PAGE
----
Peace does not depend on integrated coexistence

Saturday, February 23rd, 2019

A recent study looks at the wisdom of the aphorism that good fences make good neighbors:

We consider the conditions of peace and violence among ethnic groups, testing a theory designed to predict the locations of violence and interventions that can promote peace. Characterizing the model’s success in predicting peace requires examples where peace prevails despite diversity. Switzerland is recognized as a country of peace, stability and prosperity. This is surprising because of its linguistic and religious diversity that in other parts of the world lead to conflict and violence.

Here we analyze how peaceful stability is maintained. Our analysis shows that peace does not depend on integrated coexistence, but rather on well defined topographical and political boundaries separating groups. Mountains and lakes are an important part of the boundaries between sharply defined linguistic areas. Political canton and circle (sub-canton) boundaries often separate religious groups. Where such boundaries do not appear to be sufficient, we find that specific aspects of the population distribution either guarantee sufficient separation or sufficient mixing to inhibit intergroup violence according to the quantitative theory of conflict. In exactly one region, a porous mountain range does not adequately separate linguistic groups and violent conflict has led to the recent creation of the canton of Jura.

Our analysis supports the hypothesis that violence between groups can be inhibited by physical and political boundaries. A similar analysis of the area of the former Yugoslavia shows that during widespread ethnic violence existing political boundaries did not coincide with the boundaries of distinct groups, but peace prevailed in specific areas where they did coincide. The success of peace in Switzerland may serve as a model to resolve conflict in other ethnically diverse countries and regions of the world.


  1. Bob Sykes says:

    To quote Heartiste:

    Diversity + Proximity = War

  2. Isegoria says:

    I didn’t realize that was Heartiste‘s coinage.

  3. Wan Wei Lin says:

    Diversity + Proximity = War

    I wish I could remember who said that.

  4. Graham says:

    There’s also that old chestnut beloved of so many that we could end war by just getting to know one another. Thus sidestepping the widely known human experience that, whether interpersonal or interethnic or international, the most frequent and vicious conflicts are among people who already know one another pretty well.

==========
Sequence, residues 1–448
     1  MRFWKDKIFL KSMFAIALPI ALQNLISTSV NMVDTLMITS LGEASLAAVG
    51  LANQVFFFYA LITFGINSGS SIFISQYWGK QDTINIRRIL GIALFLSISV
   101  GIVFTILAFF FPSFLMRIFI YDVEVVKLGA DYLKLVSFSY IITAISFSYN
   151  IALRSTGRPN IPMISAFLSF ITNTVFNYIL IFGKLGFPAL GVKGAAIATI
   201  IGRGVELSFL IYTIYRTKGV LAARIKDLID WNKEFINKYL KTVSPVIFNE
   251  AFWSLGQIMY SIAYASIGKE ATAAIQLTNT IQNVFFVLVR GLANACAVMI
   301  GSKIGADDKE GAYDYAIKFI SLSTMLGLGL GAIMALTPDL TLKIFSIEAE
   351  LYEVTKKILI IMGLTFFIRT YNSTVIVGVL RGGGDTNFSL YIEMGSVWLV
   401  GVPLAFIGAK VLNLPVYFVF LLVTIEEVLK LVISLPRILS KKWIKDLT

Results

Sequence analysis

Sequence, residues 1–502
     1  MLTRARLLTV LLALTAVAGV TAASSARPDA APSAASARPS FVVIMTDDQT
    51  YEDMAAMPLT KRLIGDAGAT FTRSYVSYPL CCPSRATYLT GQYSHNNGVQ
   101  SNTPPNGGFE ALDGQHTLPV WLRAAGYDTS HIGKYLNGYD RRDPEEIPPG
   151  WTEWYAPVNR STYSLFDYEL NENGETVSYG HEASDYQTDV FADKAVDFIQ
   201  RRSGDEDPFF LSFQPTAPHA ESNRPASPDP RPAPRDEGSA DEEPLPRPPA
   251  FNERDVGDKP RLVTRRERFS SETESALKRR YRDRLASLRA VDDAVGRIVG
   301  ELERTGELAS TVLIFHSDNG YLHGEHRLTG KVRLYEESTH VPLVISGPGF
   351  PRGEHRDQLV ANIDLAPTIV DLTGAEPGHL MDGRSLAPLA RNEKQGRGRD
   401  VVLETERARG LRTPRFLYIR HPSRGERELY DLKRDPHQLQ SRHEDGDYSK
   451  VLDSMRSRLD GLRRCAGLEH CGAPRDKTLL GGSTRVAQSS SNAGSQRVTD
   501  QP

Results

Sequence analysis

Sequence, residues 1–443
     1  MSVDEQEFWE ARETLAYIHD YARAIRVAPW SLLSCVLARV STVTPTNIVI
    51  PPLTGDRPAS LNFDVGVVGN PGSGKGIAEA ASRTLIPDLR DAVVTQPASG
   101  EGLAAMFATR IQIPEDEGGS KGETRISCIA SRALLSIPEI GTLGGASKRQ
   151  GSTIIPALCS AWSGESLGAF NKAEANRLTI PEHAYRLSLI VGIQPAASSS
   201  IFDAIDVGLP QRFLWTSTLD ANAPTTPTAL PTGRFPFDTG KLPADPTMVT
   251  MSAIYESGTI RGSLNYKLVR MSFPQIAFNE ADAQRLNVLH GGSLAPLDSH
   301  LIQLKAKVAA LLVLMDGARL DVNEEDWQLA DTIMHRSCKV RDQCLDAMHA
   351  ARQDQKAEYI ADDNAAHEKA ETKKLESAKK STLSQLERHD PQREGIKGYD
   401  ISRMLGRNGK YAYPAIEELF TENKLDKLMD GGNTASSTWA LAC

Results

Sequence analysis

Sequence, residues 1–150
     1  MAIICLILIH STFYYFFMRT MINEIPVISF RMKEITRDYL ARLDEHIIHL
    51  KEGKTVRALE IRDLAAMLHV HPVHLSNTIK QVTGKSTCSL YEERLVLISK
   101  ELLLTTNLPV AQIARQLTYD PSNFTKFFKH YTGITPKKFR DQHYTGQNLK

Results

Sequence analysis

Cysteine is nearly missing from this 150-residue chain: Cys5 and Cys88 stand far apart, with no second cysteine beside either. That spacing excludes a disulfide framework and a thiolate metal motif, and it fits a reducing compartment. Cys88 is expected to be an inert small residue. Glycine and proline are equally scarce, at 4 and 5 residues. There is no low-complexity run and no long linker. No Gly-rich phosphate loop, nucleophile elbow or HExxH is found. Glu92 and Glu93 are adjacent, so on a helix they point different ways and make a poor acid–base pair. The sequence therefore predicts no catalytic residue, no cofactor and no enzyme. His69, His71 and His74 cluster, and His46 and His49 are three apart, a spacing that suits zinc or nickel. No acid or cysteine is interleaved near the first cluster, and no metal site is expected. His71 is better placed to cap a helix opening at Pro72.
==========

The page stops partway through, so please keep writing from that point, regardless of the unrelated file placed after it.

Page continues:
5. Kirk says:

    Problem with this idea is that the Swiss are a really poor model for fixing things like the endemic ethnic issues you find surrounding most of Islam. Why? Because the Swiss are mostly sane, and are entirely willing to live and let live. You don’t have the Romansch-speaking Swiss looking over at the French-speaking cantons, and going “Oh, those miserable heretics… I cannot tolerate them, we must kill them all…”. The various Swiss ethnicities mostly get along and respect each other’s space. That’s the key thing–The people who make up the Swiss Federation.

    You can’t take the “lessons” from Switzerland, and try to apply them to the Israeli-Palestinian situation, because at least one of the players there is homicidally insane, and the other is delusional to the extent that they think that peace is even possible. About all that would work, were you to really want to apply Switzerland’s “lessons” to the Middle East would be to exterminate or move the current lot of homicidal maniacs out, and then replace them with the Swiss ethnicities that are so peaceful and civilized in Switzerland.

    I’d have to go digging through the history of Switzerland, again, but if I recall correctly, the Swiss mostly banded together in the face of outsider oppression, and the various ethnicities didn’t really have much to do with each other before they federated. Trying to use them as a model for how to fix the rest of the world is fraught with problems, mostly because the Swiss are quite sane, and you’d be trying to apply sane solutions to people who are fundamentally and unequivocally not sane…

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